Growth Trends for Related Jobs

How to Job Shadow a Hotel Owner

careertrend article image
Digital Vision./Digital Vision/Getty Images

Hotels occasionally open their doors to high school students, college students and other individuals interested in pursuing careers in the hospitality industry for a day of job shadowing. The term “job shadowing” refers to spending time with an individual in order to gain insight into her responsibilities at work. Job shadowing a hotel owner can be an effective way to learn how she interfaces with a large hotel staff, investors, the media and hotel guests in order to run a successful business.


When you are invited to job shadow a hotel owner, treat the occasion with the same professionalism and formality as a job interview. Arrive appropriately groomed, wearing professional clothing. Punctuality and respectfulness will be noted, so arrive on time and engage with the hotel owner with a positive attitude, enthusiasm and strong communication skills.


Job shadowing a hotel owner is much more involved than silently following him around throughout the day. Use the opportunity to network by engaging in conversation, asking questions and inquiring into mentoring possibilities. Learn the names of other hotel management employees as they cross paths with the hotel owner during your time together, making mental notes about whom to follow up with later via email, telephone call or personal note. Professional, respectful networking might help you land an internship or entry-level position within the hotel while still in school.


Although you will want to demonstrate communication skills and interest by asking thoughtful and relevant questions, keep in mind that your guide will likely be carrying out important tasks while guiding you throughout the day. When he meets with other managers and team players, refrain from interrupting to ask questions or seek clarification. Save those questions for moments of relative downtime, such as riding the elevator or walking down a hallway.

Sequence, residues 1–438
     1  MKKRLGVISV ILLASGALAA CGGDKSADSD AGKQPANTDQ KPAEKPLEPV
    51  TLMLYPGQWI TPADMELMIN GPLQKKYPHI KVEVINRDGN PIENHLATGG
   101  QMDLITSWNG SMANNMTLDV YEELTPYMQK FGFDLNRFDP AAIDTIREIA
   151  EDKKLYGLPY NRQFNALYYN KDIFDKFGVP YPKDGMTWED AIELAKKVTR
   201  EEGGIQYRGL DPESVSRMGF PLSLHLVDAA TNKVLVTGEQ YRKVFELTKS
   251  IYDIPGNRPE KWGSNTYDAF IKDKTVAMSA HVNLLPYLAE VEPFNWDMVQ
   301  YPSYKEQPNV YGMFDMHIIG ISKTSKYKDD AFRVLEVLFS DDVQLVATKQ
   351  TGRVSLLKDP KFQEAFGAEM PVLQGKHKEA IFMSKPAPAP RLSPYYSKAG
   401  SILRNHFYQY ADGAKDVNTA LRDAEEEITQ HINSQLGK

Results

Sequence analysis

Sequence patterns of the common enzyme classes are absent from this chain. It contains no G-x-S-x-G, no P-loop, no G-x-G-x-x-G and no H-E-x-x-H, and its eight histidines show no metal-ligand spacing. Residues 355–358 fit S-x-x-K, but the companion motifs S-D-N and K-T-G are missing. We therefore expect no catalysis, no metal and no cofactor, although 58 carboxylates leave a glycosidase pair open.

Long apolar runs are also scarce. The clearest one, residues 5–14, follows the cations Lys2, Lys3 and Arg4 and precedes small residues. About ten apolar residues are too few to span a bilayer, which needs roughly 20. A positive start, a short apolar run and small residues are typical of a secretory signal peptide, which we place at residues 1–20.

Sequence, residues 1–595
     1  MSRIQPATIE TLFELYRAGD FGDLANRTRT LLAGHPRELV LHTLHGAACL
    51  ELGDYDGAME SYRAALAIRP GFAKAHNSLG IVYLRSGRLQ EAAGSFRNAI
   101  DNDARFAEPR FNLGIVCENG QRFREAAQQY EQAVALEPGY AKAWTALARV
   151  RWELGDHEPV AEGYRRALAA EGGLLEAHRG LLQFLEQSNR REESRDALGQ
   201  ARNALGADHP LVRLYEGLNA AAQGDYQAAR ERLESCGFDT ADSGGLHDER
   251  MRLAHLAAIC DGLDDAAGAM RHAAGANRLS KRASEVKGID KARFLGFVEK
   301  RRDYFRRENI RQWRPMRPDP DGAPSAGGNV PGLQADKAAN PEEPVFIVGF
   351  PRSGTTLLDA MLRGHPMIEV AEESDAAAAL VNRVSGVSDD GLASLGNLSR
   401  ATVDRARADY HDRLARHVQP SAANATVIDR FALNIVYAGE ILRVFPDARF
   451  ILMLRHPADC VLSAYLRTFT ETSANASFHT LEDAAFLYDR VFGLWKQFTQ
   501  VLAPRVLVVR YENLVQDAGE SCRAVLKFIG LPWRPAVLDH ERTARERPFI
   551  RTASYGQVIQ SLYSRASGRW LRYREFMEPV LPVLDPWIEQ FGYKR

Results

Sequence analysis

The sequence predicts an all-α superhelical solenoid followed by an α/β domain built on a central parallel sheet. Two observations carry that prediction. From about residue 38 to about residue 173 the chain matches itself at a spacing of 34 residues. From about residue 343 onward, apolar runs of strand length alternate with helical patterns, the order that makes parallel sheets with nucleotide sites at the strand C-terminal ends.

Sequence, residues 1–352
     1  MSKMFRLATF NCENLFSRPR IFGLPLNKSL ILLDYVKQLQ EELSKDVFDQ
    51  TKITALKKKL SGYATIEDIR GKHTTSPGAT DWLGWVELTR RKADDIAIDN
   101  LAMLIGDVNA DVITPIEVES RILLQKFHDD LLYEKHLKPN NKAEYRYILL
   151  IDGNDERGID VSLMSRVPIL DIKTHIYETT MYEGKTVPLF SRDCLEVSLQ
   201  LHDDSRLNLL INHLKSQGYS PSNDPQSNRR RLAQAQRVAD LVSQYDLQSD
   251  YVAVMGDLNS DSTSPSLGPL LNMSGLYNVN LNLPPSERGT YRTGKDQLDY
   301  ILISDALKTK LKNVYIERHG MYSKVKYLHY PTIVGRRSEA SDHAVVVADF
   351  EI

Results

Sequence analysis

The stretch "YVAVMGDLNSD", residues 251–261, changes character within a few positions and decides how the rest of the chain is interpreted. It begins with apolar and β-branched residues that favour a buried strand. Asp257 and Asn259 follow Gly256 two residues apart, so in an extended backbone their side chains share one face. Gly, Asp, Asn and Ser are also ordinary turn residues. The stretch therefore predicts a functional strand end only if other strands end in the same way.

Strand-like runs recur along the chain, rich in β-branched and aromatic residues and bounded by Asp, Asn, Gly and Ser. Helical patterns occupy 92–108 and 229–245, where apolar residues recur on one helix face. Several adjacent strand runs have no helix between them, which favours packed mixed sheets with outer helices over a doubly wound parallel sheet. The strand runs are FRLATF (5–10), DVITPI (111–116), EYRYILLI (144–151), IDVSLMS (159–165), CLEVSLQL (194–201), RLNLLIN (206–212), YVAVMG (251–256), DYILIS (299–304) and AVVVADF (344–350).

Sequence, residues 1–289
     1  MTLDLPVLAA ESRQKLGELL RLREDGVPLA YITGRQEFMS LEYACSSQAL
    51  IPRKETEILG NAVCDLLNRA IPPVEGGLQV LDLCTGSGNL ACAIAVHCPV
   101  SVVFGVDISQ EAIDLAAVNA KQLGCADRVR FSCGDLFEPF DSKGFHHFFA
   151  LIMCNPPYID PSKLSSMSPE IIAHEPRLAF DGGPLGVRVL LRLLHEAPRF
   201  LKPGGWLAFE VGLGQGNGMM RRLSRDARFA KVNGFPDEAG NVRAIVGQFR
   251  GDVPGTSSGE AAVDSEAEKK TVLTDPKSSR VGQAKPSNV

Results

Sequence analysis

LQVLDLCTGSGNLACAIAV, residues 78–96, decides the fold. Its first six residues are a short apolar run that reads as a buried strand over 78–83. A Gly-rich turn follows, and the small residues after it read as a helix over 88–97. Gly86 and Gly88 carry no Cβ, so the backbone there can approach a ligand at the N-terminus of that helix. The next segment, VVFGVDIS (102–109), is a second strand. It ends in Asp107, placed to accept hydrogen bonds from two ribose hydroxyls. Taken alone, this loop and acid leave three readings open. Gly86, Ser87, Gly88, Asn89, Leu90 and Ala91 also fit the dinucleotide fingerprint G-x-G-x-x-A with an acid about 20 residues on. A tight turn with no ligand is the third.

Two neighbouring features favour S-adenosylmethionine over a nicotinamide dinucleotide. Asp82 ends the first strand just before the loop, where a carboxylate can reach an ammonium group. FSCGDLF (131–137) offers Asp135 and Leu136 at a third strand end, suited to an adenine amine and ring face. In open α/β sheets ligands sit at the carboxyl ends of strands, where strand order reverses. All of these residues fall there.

Job shadowing opportunities sometimes link individuals with lower-level management or department heads, such as front desk managers, food service managers or housekeeping managers. If you have the chance to spend time with the hotel owner, keep basic logistical questions to a minimum since others might be able to readily answer them. Impress the hotel owner by asking big-picture questions, such as how the role of hospitality enhances personal or family relationships or how hotels successfully achieve customer satisfaction in a more globalized economy and culture. A hotel owner’s bird’s-eye view and possible long-term perspective will provide deeper insight and business acumen.


Morgan Rush is a California journalist specializing in news, business writing, fitness and travel. He's written for numerous publications at the national, state and local level, including newspapers, magazines and websites. Rush holds a Bachelor of Arts from the University of California, San Diego.

Photo Credits

Digital Vision./Digital Vision/Getty Images